The most important factor is probably effective project management. All the stakeholders should be involved early. Rachael referred to the trap many of us have experienced: being told that it’s ‘too early’ to be involved in the process then, when we are allowed a seat at the table told that it’s too late to change the problem items. She reiterated the importance of wise choice of architect; the right architect needs to be responsive to the client’s concerns and this should be just as true of ‘STARchitects’. To be an intelligent client we need to be prepared to sit through a lot of meetings and to have done our homework. Rachael provided some resources she’s found useful:
- US Green Building Council website
- American Institute for Architecture
- Manual of Museum Planning: Sustainable Space, Facilities, and Operations
- The Green Museum: A Primer on Environmental Practice
Both the books are available on amazon.
She suggested that we as conservators need to have a voice in broader preservation concerns and emphasized that this is best done by contributing positively: “be an ally not a critic”. [Later several of us were discussing this profound fact at the lovely evening reception and Terry Drayman-Weisser shared her technique for responding to suggestions from non-conservators that horrify her conservatorial instincts: “That’s a good idea, let me work with you to figure out how we can manage that” I may not have the quote exact but you get the gist.]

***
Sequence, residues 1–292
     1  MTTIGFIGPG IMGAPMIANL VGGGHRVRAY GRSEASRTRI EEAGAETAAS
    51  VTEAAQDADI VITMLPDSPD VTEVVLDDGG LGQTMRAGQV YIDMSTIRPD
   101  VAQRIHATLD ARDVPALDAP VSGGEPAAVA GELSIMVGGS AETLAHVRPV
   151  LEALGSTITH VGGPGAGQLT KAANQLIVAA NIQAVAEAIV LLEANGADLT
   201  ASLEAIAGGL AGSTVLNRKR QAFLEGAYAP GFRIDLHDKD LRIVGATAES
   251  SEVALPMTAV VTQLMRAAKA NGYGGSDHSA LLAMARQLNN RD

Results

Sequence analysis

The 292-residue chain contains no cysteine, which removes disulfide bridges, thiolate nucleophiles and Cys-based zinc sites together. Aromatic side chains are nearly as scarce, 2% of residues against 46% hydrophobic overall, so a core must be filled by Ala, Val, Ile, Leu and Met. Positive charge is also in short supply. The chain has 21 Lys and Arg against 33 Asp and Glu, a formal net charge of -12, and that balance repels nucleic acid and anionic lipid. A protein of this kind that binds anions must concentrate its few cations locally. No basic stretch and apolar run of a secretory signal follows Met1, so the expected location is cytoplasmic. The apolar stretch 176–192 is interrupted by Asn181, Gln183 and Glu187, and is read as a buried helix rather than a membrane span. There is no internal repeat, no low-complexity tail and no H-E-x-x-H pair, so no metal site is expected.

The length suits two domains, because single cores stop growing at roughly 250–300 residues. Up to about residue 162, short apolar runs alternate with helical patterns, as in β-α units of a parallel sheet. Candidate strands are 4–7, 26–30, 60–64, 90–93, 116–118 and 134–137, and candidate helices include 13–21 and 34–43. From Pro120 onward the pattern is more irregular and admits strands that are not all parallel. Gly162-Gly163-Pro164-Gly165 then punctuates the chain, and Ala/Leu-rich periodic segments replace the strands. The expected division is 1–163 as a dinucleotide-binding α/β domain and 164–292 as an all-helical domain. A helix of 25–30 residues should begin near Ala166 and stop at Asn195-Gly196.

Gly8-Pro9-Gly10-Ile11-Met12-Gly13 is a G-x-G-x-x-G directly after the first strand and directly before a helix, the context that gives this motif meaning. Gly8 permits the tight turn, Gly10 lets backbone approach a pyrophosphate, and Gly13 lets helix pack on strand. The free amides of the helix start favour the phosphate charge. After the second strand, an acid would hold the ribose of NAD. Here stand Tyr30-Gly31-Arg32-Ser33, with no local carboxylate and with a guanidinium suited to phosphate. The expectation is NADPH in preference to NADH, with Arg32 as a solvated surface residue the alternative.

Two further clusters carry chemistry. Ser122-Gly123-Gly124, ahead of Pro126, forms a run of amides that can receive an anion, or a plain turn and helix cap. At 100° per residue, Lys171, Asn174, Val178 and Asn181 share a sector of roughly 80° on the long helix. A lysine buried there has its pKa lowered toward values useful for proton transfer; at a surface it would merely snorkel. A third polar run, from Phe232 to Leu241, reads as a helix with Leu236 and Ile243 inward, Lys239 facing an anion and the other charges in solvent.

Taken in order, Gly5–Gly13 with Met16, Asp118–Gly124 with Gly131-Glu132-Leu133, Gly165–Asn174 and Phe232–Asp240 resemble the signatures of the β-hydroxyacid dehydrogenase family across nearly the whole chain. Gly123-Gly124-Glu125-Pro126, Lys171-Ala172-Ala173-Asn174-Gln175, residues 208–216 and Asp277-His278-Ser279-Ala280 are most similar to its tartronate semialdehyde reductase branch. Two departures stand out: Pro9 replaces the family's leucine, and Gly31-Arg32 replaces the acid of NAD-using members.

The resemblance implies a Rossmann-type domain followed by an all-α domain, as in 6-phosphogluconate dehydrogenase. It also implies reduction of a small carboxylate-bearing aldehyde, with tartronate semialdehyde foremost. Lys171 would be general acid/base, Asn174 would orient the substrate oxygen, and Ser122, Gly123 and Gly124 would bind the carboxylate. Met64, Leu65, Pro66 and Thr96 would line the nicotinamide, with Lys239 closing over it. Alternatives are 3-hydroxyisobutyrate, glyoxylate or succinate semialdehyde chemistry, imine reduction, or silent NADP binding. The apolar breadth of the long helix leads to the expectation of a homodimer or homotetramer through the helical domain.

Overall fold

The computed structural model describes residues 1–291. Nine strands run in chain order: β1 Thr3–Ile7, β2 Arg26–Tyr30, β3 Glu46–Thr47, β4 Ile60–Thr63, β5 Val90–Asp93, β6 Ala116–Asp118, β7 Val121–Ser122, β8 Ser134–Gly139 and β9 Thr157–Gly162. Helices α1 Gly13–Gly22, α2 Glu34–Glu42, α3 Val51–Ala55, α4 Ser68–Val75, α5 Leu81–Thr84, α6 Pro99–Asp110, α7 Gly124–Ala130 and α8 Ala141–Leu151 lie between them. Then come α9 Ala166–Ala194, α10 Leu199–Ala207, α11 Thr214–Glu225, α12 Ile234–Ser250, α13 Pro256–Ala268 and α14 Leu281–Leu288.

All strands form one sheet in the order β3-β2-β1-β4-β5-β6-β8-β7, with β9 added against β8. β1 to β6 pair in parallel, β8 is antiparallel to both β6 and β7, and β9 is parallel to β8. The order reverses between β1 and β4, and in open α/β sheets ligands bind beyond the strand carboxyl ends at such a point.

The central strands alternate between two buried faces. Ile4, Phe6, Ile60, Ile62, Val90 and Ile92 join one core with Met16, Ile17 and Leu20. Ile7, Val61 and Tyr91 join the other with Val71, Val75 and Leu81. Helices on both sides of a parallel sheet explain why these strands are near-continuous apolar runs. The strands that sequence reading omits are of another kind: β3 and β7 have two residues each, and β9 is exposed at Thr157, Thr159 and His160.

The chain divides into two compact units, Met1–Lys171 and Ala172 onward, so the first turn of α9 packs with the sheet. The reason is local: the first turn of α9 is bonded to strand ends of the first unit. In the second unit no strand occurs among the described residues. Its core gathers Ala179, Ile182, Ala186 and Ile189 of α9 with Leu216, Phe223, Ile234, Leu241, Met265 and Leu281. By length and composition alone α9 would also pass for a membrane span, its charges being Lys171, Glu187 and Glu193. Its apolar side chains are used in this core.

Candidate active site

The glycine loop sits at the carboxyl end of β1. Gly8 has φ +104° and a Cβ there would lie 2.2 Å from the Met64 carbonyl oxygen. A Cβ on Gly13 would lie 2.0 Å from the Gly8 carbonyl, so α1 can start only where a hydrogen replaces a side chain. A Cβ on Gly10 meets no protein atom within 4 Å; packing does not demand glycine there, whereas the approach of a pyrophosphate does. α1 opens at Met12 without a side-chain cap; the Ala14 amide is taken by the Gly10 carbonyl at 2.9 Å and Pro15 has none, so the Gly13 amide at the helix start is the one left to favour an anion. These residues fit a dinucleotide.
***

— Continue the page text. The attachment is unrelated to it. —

Rachael’s LEED specific tips included the insight that there were three of the six LEED rating categories that tended to have the most potential for contention with conservation concerns: Energy and Atmosphere; Materials and Resources; Indoor Environmental Quality. But these are only contentious if the team is choosing to chase LEED points without considering the Big Picture.
Finally Rachael reminded us that all the planning in the world will not help if the plans are not followed through or carried out properly. Perhaps the most important tip was to ensure that the construction plan included an independent commissioning agent. Building commissioning (Cx) is the process of verifying, in new construction, all (or some, depending on scope) of the subsystems for mechanical (HVAC), plumbing, electrical, fire/life safety, building envelopes, interior systems (example laboratory units), cogeneration, utility plants, sustainable systems, lighting, wastewater, controls, and building security to achieve the owner’s project requirements as intended by the building owner and as designed by the building architects and engineers [thank you, Wikipedia]. An independent commissioning agent is one who ensures that everything has been done as laid out; clearly an outside specialist is to be preferred to the contractors who have an understandable vested interest in passing their own work.
I’ve tried to do justice to this very informative presentation but I’m sure I’ve left out or misrepresented some vital facts. This blogging stuff is hard – I don’t mean to discourage others from doing it; I’m really glad I did so but it’s just that it’s always harder to take coherent notes for others who weren’t there. So, if any of you who were there read this and have additions, emendations or suggestions, please do so. Until then, I’ll leave you with Rachael’s last slide: